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Internet

Children frequently exposed to online solicitations, study finds

Online sexual solicitations are as likely to come from other youths than from the stereotypical Internet pedophile, according to a study.

    Online sexual solicitations are as likely to come from other youths than from the stereotypical Internet pedophile, according to a study released today.

    The study, conducted by the Crimes against Children Research Center at the University of New Hampshire, also said that one out of five youths between the ages of 10 and 17 who use the Internet is regularly exposed to unwanted sexual solicitations.

    According to the study, 48 percent of youths under the age of 18 were the perpetrators of the sexual solicitations. In addition, 19 percent of sexual requests came from females, showing that not all sexual solicitors on the Internet fit the media stereotype of an older, male predator.

    "(The study) presents a picture of young people who are confronted with offensive, upsetting and potentially dangerous Internet encounters," Ernest Allen, president of the National Center for Missing and Exploited Children, which funded the study, said in a statement. "It poses the challenge of how we can clean up the cyberspace environment, where our youth are going to go increasingly to play and learn."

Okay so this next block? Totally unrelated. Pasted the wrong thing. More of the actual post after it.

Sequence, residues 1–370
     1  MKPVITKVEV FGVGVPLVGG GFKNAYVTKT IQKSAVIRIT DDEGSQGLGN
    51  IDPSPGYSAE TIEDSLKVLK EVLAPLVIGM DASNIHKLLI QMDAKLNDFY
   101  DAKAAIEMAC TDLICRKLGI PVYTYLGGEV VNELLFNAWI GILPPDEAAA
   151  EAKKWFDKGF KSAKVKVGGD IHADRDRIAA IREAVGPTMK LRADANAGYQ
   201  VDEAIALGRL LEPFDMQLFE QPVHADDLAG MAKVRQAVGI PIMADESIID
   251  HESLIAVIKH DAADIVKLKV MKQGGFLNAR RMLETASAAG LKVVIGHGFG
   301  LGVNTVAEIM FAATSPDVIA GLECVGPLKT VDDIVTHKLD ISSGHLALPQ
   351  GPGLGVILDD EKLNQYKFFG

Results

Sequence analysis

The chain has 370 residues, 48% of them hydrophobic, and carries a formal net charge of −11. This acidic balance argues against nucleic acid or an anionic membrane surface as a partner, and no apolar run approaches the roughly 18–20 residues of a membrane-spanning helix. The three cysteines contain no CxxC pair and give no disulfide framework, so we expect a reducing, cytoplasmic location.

Allen was among others who testified today at the first of three Child Online Protection Act Commission hearings focusing on tools and methods to protect children from "inappropriate" content online.

    The study also said that one in 33 children received an aggressive sexual request from a solicitor asking the youth to meet them. Solicitors also called children on the phone or sent them regular mail, money or gifts.

    In 13 percent of instances, the youths knew where the solicitor lived, and in 4 percent of incidents children said that the solicitor lived nearby, within a one-hour drive or less, the study said.

    Although the study said that approximately one-quarter of youths who reported the incidents were distressed, less than 10 percent of sexual solicitations and only 3 percent of unwanted exposure episodes were reported to authorities.

    "The Internet has a seamier side that young people seem to be encountering with great frequency," the study said. "While many are able to glide past these encounters as mere litter on the information superhighway, some experience them as real collisions with a reality they did not expect and are distressed to find."

    The study was conducted between August 1999 and February 2000 and was based on interviews with a nationally representative sample of 1,501 youths who used the Internet at least once a month in the past six months.